Read the full article on the University of Zurich website:
Earth-Moon planetary systems: TV coverage
How common are Earth-Moon planetary systems?
Our Moon formed via a giant impact between our young Earth and a Mars sized proto-planet over four billion years ago. The material torn from the Earth’s surface during the collision accumulated in orbit and formed our familiar satellite. After its formation the Moon was ten times closer to the Earth than it is today and it has drifted slowly away to its present position. Its early intense gravitationally attraction would have caused tidal waves to pass across the Earth’s surface several times per day which may have influenced the initial development of life.
The full article will be published in the journal Icarus and can be found here:http://xxx.soton.ac.uk/abs/1105.4616
Sep 2011 UPDATE: TV coverage
New model: supermassive black holes arrived early, find UniZH team in a paper on the 26 August issue of "Nature"
Direct formation of supermassive black holes via multi-scale gas inflows in galaxy mergers
Density map of the gas in the nuclear disk at three different times (columns a b and c). Upper panels: large-scale structure of the disk. Lower panels: zoom-in on the collapsing central cloud.
Previously published models of supermassive black hole formation have struggled to explain the fact that according to observations of distant quasars supermassive black holes were already in place less than a billion years after the Big Bang. A new series of numerical simulations from a team led by Lucio Mayer at the University of Zurich with PhD student Simone Callegari also from UniZH,
finds that the conditions for direct collapse into a supermassive black hole can arise naturally on this time scale from mergers between massive protogalaxies.Multi-scale gas inflows give rise to an unstable, massive nuclear gas disk that expands to form a sub-parsec scale gas cloud in only 100,000 years. The cloud undergoes gravitational collapse, which leads to the formation of a massive black hole.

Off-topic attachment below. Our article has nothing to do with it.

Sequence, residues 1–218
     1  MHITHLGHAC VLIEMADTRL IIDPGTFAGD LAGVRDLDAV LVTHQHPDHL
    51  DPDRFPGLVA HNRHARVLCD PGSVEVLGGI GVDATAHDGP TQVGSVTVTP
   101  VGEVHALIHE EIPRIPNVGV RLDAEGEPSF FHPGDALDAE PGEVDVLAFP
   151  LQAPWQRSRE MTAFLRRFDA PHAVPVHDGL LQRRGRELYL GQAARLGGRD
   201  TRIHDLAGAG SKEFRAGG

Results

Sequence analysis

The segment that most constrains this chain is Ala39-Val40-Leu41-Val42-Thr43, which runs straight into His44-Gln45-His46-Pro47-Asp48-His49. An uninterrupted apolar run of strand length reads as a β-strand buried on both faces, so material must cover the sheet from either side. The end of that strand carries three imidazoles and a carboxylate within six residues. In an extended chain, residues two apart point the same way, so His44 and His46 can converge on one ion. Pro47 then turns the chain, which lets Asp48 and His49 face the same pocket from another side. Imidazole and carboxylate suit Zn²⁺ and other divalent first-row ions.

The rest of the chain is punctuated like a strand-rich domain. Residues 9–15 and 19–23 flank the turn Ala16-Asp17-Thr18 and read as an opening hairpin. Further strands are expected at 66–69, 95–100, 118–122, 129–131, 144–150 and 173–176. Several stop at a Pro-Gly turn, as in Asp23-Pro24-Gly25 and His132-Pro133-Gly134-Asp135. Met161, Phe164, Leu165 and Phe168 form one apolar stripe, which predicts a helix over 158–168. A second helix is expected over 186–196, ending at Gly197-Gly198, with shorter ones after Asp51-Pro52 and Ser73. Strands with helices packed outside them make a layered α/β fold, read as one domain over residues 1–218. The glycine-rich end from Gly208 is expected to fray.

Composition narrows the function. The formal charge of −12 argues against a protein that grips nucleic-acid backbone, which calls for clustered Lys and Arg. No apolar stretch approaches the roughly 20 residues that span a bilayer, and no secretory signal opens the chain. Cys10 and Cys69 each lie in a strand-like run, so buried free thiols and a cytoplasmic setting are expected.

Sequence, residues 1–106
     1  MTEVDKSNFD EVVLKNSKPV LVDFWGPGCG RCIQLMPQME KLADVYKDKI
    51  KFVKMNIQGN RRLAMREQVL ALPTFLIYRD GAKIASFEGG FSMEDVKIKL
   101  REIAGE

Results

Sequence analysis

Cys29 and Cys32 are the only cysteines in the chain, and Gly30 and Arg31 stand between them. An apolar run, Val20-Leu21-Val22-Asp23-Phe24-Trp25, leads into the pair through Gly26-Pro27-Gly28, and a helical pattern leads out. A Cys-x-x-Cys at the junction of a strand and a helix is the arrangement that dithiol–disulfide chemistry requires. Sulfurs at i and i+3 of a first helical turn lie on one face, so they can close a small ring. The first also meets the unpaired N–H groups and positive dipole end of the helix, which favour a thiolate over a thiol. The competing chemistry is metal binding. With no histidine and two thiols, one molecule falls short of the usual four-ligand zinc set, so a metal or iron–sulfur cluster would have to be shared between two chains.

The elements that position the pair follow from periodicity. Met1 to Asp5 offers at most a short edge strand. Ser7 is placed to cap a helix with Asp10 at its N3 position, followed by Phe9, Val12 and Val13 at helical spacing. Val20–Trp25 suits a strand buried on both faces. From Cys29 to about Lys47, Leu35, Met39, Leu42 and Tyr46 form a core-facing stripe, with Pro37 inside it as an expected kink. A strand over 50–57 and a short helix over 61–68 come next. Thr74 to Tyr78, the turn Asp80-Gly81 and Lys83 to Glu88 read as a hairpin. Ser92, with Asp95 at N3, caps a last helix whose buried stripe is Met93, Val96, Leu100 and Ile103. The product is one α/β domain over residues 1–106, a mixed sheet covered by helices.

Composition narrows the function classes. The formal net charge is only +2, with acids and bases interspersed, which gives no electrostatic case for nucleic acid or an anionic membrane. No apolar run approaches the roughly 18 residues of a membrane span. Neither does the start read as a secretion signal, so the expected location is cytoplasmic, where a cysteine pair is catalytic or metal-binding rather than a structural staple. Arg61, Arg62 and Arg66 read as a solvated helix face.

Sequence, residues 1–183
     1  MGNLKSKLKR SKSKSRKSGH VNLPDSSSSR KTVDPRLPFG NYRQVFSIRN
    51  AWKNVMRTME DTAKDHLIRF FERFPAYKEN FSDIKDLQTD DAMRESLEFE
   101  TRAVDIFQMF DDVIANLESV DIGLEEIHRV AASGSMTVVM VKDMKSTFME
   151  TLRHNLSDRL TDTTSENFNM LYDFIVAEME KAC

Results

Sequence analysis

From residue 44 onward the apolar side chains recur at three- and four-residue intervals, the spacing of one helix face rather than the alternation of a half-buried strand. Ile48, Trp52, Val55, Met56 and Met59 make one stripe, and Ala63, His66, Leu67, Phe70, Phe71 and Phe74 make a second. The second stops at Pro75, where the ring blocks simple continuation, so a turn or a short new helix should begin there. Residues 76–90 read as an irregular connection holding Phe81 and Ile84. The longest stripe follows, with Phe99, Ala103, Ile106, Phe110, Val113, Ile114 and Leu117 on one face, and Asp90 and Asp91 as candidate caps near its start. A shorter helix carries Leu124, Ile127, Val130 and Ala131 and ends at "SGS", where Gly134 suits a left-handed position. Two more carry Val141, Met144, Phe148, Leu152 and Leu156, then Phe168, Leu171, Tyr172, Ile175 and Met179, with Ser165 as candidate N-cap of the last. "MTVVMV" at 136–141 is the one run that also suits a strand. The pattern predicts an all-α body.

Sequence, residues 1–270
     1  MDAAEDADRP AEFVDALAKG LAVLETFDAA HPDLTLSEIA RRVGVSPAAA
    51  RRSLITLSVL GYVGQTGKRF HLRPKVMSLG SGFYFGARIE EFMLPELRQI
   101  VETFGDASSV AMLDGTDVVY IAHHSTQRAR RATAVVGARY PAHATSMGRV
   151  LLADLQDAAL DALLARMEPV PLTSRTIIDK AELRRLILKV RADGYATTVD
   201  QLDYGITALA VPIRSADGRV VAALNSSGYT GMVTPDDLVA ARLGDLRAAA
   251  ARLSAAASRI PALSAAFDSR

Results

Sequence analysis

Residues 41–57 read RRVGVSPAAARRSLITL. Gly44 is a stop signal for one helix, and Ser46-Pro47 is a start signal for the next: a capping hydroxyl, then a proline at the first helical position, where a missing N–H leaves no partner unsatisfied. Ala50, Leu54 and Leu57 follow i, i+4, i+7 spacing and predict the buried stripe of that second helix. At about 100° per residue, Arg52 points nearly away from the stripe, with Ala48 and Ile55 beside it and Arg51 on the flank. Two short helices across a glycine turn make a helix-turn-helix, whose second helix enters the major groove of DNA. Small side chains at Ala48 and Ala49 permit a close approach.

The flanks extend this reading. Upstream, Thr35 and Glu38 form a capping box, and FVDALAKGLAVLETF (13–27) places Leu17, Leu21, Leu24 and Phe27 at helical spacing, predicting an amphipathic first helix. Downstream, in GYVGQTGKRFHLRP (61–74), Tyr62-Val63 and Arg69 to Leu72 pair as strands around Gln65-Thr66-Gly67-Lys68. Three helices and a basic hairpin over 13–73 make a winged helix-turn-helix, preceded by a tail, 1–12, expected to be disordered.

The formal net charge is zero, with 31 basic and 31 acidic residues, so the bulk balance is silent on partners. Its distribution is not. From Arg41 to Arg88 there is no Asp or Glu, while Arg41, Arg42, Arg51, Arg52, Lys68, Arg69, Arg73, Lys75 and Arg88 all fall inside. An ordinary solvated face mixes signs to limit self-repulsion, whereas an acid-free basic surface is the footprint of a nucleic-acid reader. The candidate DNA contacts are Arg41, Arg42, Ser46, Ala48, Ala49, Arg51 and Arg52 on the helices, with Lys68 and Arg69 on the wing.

The paper: http://www.nature.com/nature/journal/v466/n7310/full/nature09294.html
UNIZH press release
Bulgeless galaxies with dark matter cores simulated
The picture shows the evolution of the assembly of the dwarf galaxy from high to low redshift.
Until now the origin of bulgeless galaxies and slowly rising rotation curves in low mass galaxies was a major puzzle of the cold dark matter model (CDM) for structure formation. Lucio Mayer and colleagues have performed the first supercomputer simulations that forms a bulgeless galaxy with a realistic rotation curve owing to unprecedented resolution.
The work is described on the journal Nature, issue of January 14, 2010.
"Bulgeless galaxies with dark matter cores simulated" Nature, 463, 203-206, 2010.
The simulation resolves the sites of star formation, giant molecular clouds, and shows that outflows generated by supernovae explosions prevent the formation of a bulge by removing baryonic mass from the center of the dwarf galaxy. Removal is fast enough to generate a rapid expansion of inner dark matter component. The final dark matter profile is thus shallower than that predicted by dark-matter only simulations.
Baby Milky Way modeled
Researchers unveil state-of-the-art simulation of galaxy formation
Found in "Baby Milky Way Modeled" online at:sciencenews.org/view/generic/id/45004/title/Baby_Milky_Way_modeled
Credit: B. Moore, Oscar Agertz and Romain Teyssier/University of Zurich